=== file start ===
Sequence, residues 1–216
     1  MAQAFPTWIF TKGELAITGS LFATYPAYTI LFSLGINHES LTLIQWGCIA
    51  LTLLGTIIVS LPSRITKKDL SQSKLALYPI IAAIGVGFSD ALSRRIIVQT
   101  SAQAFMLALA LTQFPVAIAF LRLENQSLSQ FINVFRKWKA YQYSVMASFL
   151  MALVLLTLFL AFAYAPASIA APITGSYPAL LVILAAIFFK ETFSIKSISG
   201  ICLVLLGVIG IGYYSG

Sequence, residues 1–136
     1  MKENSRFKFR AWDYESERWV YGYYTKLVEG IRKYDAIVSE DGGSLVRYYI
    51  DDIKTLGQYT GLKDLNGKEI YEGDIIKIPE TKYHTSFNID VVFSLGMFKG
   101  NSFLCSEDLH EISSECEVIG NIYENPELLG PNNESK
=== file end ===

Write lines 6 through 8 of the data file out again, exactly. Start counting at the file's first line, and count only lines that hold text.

   201  ICLVLLGVIG IGYYSG

Sequence, residues 1–136
     1  MKENSRFKFR AWDYESERWV YGYYTKLVEG IRKYDAIVSE DGGSLVRYYI